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waters were truly and elegantly said to stand as a wall, but not with such a rigidity as if they had been frozen; nor had they, I presume, any greater degree of immoveableness, than what was barely necessary for the completion of the miracle. If indeed this type was intended, a sufficiency of motion must have been preserved for that purpose, Whether the glory which, at times, appeared in the cloud, and was expressed by the word fire, partook at all of the nature of common or elementary fire, we need not examine; for even if it did, we are sure that, in such a cloud, the elements of fire and water would have accorded and been compatible in the awful presence of their creator! Even a coinmon cloud emits both rain and lightning, so that I see no reason why my authorities should be deprived of their." dew from the cloud.” A type, it is true, need not reflect its antitype in every point; but the nearer it comes to it the better. Though a general resemblance may sometimes be sufficient, yet where inoré appears to be meant we ought to allow it; and after all the type will be in some measure incomplete, as in the present instance, there was ho running stream, nor water in a vessel, nor hand of an apostle to sprinkle it. Were your correspondent even like the famed knight, who “ could not ope his mouth, but out there flew a trope,” yet he should consider that tropes and figures, any more than miracles, are not to be resorted to urecessarily. Where the reality is, there is no room for figures; and that the reality, and not a trope, is here meant by St. Paul, I have argued from his asserting plain facts in the latter part of the same proposition, for it is not to be conceived that he would use figures in one part of his argument, and plain facts in the other. Surely I am the true advocate, and not your correspondent, for the plain and obvious sense of the words in question; and what occasion can there be for tropes, where the literal meaning of what is asserted can be so baturally and easily made out ? Denton, Sept. 18; 1804.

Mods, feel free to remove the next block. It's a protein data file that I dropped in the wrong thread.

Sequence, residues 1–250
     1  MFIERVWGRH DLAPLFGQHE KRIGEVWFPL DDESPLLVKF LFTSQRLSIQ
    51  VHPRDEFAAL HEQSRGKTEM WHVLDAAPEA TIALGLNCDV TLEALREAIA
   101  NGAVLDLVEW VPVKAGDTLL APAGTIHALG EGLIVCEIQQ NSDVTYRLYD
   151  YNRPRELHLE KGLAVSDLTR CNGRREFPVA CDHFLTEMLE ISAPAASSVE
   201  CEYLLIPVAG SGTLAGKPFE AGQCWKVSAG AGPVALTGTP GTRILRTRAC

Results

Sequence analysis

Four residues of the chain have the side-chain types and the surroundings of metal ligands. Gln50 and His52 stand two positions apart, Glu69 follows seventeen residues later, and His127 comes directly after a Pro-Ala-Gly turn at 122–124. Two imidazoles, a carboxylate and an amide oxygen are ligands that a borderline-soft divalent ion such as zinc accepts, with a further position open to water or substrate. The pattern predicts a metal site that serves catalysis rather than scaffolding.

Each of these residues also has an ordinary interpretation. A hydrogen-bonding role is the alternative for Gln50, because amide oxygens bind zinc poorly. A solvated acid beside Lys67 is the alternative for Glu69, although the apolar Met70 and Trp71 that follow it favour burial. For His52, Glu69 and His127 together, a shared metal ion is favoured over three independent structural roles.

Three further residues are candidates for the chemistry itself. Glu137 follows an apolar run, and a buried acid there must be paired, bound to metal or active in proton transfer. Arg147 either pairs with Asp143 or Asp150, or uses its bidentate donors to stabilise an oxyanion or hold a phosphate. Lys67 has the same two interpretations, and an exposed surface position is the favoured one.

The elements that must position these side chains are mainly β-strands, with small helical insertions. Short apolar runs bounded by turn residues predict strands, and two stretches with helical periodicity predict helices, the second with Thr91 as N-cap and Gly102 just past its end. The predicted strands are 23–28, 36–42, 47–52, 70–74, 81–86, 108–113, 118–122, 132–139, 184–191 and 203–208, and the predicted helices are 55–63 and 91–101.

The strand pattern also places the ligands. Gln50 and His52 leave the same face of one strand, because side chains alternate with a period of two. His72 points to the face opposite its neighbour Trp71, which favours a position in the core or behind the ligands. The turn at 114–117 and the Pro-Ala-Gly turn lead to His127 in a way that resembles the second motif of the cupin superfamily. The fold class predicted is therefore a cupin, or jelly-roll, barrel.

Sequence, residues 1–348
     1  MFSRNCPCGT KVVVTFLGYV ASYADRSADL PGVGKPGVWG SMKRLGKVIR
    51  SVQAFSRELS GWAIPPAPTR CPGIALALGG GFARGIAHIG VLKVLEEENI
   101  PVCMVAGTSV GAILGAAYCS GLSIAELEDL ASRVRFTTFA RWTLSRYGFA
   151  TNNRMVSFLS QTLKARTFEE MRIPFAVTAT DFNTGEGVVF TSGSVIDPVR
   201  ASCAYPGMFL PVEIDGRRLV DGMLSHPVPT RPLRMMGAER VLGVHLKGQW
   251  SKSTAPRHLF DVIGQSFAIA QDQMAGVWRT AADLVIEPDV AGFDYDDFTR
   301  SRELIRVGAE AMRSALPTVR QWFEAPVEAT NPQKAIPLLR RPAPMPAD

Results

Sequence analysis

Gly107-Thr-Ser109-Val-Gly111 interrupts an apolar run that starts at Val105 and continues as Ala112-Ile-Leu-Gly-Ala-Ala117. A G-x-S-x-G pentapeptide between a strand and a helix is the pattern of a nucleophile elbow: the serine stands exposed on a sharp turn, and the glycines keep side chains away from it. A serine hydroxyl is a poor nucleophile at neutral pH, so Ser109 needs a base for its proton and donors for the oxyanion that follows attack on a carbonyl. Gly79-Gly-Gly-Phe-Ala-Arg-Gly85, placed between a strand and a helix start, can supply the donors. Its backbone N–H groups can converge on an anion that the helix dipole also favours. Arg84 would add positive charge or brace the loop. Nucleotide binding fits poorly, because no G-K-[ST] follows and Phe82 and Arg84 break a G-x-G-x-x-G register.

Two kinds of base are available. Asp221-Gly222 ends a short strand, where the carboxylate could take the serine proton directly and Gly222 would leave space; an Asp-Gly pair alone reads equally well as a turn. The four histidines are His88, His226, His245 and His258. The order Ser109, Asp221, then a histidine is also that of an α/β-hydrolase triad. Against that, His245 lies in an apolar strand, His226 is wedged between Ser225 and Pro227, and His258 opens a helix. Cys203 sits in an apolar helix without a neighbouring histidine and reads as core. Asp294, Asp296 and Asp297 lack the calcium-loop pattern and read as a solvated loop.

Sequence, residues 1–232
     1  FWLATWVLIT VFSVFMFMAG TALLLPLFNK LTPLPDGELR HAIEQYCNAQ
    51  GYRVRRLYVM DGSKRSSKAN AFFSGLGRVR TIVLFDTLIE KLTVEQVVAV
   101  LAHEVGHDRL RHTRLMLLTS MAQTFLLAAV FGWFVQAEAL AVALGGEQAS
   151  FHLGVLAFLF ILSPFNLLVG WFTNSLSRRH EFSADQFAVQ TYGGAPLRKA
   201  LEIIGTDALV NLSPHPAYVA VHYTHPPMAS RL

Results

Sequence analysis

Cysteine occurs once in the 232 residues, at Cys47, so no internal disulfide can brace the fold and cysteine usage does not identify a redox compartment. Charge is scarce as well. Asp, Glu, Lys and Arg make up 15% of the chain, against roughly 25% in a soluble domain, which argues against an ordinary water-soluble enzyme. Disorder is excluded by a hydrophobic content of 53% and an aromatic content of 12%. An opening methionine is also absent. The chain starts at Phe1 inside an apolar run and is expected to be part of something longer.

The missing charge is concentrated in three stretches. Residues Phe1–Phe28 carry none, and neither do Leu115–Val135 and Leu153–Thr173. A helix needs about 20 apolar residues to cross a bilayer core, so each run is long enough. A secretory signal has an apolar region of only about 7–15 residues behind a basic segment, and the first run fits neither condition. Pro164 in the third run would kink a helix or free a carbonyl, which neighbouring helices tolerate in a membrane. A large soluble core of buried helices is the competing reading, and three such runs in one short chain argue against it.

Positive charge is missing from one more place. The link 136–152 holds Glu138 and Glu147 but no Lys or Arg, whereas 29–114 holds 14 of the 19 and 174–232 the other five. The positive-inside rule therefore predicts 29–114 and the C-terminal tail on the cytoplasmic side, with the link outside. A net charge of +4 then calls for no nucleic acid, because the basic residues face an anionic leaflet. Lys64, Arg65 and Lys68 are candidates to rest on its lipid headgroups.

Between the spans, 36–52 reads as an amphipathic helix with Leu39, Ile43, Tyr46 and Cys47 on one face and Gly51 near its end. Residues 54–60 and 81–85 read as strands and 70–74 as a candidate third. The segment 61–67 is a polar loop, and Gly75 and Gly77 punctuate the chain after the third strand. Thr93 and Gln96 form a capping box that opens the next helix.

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O Lord, how manifold are thy works, in wisdom hast thou made

them all : the EARTH is full of thy riches ! Psalm civ. 24.

ESSAY I. ON THE ORIGINAL FORMATION OF THE EARTH. VARIOUS hypotheses have been formed to account

for difficulties supposed to embarrass the Mosaic history of the creation; and some writers have taken most unwarrantable liberties with the sacred text, by endeavouring to force and bind it down to a compliance with their fanciful systems.

The inspired penman has merely left us an historical record of the origin of the world, and he has briefly, but expressively, described the primitive condition of matter and the changes which it underwent, until the earth assumed a regular form and became a fit habitation for man. He plainly declares that this substance, or mass of matter, was itself created in the beginning, together with the expansum, or the “ widely extended fluid called the HEAVENS,” as contrasted with the opake, solid and revolving body which is named the EARTH. This is not only a complete refutation of the Atheistic blasphemy that matter is eternal, but also of that wild and visionary notion which approximates to it, that this globe was formed out of the ruins of a comet or a former world*. !